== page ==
If you read/watched “The Lord of the Flies” and wished the boar had too little character development and deserved a spin-off TV series* at the least, then “Chaw” will be right up your street.
“Chaw” is about a giant man-eating boar attacking the residents of a small Korean village. Not entirely original, but it’s still refreshing to see an Asian horror film that isn’t concerned with either:
a) I’m really pissed off with those people that beat me up and put me in prison so I’ve replaced my arm with a machine gun, I shoot missiles out of my tits and I shit grenades. You can call me Prisoner Samurai K9788 Princess Metal-Mega-Attack Girl.
b) I was just trying to watch porn when some crazy bitch with long hair came out of the TV and now there are loads of asthmatic kids with eye-liner hiding in my closets and my phone and email are all trying to kill me.
Luckily, “Chaw” is more in line with “The Host” and is a simple trek through classic monster-movie conventions with a large lump of pig-dung-sized humour thrown in for good effect. The plot surrounds a city cop being drafted to a small village, clearly expecting to relax and do little work, until of course a fuck-off great pig starts eating everyone.
“Chaw” shares similarities with many other creature features – particularly “Brotherhood of the Wolf” and “Lake Placid” – and due to its reluctance to stray from generic conventions it remains an unassuming, uncomplicated and straight-to-the-point monster-mash that is consistently funny, exciting and even quite frightening (especially if you hate pigs). Inevitable comparisons are going to be made with “The Host” (as I did earlier) because they’re both Korean and about giant monsters – but “Chaw” is slightly different. Whereas the gigantic monster in “The Host” rampaged through a city and was more akin to Godzilla, the pig in “Chaw” holds more similarities with the down-sized creature features of the seventies and eighties, like “Jaws” and “Alligator”.
“Chaw” works much in the same way and follows the same linear structure of films of this genre – opening kill sequence, followed by jovial character introductions, another kill sequence, followed by investigation and a few more kills, finally ending in climactic chase sequence. As they say, if it ain’t broke, don’t fix it. However, the film is not your typical ‘throwback’ (I don’t like that word), as it adds a few unique and invigorating elements to the pot (bellied-pig).
The most effective additional aspect of the film is its use of comedy. Within the first ten minutes we’re treated to a hilarious sequence in which a group of police investigate a crime scene on a really steep hill; now I don’t know about you, but I think people falling down hills is funny – and clearly so did the filmmakers. The film is not an out-and-out comedy, but just when things are getting a bit too serious or fraught, someone will pull a really stupid face or the crazy witch lady will turn up – and everything is ok again. Unfortunately for some (I didn’t mind it too much), the comedy does veer into surrealism at times, such as when the dog belonging to a hunter who has been hired to catch the boar starts talking to him, or the side-splitting end credit sequence which I won’t ruin here – lets just say the guy with the corn was the best moment in the whole film.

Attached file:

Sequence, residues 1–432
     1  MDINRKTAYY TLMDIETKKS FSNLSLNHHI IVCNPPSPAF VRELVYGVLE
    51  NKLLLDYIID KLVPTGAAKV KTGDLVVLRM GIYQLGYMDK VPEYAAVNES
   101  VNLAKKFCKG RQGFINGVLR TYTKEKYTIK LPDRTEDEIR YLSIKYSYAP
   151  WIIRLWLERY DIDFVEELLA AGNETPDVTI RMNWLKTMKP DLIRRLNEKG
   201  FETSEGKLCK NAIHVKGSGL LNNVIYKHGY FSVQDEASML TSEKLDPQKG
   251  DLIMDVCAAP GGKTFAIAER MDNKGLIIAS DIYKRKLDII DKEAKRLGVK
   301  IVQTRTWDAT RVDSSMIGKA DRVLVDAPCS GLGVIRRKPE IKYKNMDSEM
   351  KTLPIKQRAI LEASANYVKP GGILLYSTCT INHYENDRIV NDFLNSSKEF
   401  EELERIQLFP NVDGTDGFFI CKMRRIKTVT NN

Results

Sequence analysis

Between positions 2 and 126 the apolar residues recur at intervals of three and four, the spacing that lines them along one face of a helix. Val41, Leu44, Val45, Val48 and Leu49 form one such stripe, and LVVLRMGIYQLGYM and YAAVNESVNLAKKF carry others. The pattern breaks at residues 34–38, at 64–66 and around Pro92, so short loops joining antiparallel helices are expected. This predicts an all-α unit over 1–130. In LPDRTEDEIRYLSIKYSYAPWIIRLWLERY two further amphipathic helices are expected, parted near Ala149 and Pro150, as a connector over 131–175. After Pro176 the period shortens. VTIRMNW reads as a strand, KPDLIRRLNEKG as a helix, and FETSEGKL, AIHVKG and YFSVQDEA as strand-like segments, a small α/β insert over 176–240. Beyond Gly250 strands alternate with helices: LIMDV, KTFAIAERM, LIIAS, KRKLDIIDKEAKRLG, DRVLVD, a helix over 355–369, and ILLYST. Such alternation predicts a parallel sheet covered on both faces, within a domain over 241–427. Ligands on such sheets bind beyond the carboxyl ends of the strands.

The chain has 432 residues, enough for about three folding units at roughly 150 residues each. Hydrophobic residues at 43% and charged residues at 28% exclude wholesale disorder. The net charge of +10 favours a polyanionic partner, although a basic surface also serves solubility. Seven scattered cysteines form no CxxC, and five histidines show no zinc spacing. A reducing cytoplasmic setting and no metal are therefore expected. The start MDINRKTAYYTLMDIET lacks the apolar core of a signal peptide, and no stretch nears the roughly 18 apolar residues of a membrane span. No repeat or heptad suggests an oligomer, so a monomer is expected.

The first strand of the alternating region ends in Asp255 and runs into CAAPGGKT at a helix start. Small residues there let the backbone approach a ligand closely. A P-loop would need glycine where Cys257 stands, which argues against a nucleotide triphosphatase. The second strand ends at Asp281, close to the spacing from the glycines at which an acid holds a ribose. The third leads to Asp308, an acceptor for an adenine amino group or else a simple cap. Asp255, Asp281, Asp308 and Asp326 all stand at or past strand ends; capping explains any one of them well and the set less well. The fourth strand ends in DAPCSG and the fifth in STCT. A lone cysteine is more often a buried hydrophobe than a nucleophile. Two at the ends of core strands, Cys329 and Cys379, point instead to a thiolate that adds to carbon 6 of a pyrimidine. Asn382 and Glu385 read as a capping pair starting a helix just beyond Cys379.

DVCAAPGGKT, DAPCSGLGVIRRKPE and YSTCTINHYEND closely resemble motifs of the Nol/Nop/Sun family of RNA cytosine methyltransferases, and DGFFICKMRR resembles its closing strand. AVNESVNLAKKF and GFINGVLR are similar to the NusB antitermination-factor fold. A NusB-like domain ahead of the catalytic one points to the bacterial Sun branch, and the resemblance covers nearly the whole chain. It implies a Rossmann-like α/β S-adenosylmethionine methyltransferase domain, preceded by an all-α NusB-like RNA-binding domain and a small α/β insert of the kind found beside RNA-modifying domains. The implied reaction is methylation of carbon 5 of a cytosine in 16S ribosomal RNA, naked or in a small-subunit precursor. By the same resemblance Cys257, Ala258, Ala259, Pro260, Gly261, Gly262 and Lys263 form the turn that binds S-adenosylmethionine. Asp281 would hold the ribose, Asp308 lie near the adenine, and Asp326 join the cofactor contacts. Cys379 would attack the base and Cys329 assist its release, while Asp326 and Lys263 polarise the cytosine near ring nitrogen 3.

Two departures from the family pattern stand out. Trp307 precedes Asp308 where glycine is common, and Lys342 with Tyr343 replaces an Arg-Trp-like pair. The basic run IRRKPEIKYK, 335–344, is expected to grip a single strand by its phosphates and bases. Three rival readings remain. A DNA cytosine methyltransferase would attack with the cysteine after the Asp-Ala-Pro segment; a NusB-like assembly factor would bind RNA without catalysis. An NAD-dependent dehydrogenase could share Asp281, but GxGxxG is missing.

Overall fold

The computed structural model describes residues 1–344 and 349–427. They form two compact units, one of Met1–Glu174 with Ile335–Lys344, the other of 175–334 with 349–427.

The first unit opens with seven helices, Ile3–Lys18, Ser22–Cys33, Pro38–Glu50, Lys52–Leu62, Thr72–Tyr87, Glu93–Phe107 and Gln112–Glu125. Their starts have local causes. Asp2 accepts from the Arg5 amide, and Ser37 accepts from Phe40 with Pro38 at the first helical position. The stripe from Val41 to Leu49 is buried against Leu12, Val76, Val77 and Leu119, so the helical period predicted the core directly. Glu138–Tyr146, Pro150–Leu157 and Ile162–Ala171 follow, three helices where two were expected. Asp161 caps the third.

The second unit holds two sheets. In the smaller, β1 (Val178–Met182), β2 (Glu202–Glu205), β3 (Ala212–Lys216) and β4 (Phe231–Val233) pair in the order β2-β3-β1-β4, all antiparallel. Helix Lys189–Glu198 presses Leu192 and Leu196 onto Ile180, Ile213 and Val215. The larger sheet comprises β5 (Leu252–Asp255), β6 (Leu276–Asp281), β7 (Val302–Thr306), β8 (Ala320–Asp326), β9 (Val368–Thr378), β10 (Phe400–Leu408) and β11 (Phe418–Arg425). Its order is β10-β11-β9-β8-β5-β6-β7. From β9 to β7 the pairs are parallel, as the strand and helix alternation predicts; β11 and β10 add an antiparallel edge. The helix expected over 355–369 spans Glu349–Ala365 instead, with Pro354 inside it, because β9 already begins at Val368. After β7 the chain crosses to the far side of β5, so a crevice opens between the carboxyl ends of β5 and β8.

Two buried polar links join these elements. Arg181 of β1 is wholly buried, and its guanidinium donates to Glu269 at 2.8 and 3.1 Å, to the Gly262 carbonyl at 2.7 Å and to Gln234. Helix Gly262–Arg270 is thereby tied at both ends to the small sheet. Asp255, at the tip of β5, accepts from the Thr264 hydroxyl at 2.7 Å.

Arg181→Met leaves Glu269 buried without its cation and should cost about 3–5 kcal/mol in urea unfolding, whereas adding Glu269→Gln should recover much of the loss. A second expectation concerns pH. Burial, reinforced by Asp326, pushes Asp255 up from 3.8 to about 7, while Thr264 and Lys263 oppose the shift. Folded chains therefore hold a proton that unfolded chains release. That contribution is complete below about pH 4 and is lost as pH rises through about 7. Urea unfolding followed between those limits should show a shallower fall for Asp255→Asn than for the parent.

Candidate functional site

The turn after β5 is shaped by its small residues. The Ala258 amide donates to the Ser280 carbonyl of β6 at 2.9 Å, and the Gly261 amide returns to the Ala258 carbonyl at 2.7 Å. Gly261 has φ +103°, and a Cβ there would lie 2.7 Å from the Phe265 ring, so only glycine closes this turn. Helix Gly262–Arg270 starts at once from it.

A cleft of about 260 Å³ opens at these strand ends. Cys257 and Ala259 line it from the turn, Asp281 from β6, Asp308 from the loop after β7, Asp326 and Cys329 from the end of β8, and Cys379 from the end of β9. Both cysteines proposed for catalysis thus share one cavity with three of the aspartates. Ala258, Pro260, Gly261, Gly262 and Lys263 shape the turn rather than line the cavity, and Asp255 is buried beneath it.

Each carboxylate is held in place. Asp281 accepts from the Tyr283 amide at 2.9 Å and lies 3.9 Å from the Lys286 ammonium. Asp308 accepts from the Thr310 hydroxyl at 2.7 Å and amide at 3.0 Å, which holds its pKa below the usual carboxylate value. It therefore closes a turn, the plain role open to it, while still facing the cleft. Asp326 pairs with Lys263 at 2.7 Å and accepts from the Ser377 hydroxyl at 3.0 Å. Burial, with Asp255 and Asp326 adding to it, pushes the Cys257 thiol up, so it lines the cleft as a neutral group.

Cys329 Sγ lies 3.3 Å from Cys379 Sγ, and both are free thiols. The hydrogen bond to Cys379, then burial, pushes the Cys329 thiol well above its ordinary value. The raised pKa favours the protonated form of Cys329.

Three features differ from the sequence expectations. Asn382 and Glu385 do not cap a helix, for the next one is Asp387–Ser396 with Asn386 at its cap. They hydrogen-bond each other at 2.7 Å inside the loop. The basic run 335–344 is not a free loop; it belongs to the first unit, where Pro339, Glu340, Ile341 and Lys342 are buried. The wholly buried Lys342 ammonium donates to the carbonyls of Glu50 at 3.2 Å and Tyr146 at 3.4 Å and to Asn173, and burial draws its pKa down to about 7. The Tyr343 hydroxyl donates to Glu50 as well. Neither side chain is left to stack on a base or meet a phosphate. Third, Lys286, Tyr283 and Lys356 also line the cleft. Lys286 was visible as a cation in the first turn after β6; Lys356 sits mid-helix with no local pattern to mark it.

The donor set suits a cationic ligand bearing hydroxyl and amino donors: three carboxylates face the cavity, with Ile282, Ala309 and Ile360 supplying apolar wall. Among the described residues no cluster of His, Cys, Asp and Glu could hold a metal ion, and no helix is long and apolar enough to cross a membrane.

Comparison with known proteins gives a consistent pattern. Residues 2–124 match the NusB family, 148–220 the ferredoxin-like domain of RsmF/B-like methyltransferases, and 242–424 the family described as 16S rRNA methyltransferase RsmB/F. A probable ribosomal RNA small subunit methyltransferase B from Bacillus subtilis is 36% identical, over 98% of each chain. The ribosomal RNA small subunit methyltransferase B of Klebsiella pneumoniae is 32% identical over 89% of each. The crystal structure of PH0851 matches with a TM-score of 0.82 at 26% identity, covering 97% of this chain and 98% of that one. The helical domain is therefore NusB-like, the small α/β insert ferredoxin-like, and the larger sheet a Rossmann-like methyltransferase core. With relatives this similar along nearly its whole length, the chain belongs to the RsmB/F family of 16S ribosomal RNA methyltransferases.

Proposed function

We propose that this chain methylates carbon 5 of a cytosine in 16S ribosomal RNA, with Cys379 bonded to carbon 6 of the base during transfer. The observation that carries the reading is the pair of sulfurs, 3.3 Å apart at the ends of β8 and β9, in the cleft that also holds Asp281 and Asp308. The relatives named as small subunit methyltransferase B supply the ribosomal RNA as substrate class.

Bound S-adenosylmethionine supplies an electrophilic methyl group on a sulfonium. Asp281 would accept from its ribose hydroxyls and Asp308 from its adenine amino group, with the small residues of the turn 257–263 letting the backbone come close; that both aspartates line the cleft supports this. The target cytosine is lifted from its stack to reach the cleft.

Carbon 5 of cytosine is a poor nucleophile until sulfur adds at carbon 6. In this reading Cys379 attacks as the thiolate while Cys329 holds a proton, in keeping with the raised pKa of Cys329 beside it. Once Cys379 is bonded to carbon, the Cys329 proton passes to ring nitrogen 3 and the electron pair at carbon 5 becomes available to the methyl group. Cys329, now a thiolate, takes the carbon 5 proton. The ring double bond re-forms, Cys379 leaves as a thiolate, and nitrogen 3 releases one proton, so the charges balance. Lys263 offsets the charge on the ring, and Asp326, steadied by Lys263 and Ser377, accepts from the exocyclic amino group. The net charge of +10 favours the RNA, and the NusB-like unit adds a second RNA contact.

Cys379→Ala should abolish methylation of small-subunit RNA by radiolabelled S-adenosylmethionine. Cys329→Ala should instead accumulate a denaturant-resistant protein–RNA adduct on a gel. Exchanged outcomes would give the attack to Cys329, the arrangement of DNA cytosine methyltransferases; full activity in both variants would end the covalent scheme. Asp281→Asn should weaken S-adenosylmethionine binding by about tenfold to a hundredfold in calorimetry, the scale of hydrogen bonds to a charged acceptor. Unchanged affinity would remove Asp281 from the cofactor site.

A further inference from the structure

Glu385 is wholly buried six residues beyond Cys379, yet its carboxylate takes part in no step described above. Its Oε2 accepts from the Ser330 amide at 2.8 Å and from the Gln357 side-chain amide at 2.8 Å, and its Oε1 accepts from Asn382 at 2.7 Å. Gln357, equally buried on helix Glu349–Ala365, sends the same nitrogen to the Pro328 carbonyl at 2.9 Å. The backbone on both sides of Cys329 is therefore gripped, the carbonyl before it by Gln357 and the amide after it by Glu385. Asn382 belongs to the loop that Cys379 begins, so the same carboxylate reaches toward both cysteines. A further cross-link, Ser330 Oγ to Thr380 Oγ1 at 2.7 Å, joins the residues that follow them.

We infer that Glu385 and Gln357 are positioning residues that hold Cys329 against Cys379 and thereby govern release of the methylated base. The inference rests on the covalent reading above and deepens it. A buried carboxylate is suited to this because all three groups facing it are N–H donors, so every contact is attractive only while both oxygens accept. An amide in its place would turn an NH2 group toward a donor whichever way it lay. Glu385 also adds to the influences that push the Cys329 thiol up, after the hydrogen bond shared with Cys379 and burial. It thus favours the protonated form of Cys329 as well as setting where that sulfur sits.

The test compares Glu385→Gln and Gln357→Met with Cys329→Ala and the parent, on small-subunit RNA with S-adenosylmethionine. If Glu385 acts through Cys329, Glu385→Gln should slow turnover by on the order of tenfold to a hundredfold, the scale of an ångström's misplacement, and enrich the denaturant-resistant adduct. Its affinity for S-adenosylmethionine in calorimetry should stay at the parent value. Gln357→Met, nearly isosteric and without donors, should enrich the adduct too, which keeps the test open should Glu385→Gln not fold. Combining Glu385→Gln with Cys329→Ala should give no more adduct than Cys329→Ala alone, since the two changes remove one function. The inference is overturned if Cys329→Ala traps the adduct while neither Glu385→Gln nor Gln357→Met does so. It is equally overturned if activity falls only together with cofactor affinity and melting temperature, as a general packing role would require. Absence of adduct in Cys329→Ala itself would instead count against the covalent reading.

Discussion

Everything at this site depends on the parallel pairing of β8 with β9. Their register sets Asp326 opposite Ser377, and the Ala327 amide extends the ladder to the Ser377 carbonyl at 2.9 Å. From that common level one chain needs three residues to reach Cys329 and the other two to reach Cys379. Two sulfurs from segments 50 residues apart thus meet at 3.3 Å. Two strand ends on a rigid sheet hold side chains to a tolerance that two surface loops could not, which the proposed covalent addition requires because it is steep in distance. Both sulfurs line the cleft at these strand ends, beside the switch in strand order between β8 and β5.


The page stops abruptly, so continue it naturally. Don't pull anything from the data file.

Aside from Korean people pulling silly faces, there’s a great deal more to love about “Chaw”. The acting is top-notch, if a little over-pronounced (it fits the tone) and every character has their own traits and tendencies which certainly makes for relatable viewing. The directing and cinematography are also of a high quality, with action sequences competently filmed and moments of a more serious nature handled with an understated air.
But what about the PIG? Well, it’s actually rather good. Knowing that “Chaw” didn’t have the biggest of budgets, expectations weren’t held high for the monster – possibly a good thing, as when it makes itself fully visible it’s in fact quite impressive. It’s mostly a CGI creation, and although its digital origins are obvious, it still packs a punch and is certainly as good, if not better than the monsters featured in certain bigger budgeted films – “Golden Compass”, I’m looking at you.
Overall, I find it hard to think how “Chaw” could have been any better, as it has everything that you could want in a monster movie, plus extras that make it even better. Extras that unfortunately weren’t transported to the DVD – which gives us a measly trailer. It would have been great to see some behind the scenes exploration of how the boar was made – but alas, you’ll have to make do with the film, which is luckily most definitely worth the price of the DVD alone.
*On a side note, I’ve sent a pilot script to Fox called 2 ½ Boars. I’ll let you know if anything comes of it.
Jeong-won Shin (director) / Jeong-won Shin (screenplay)
CAST: Tae-woong Eom … Police Officer Kim
Yoon Jae-Moon … Hunter Baek
Yu-mi Jeong … Su-ryeon
Josiah D. Lee … Detective #1
Earl Wayne Ording … Hero Dog
Hyeon-hwa Heo … Mi-yeong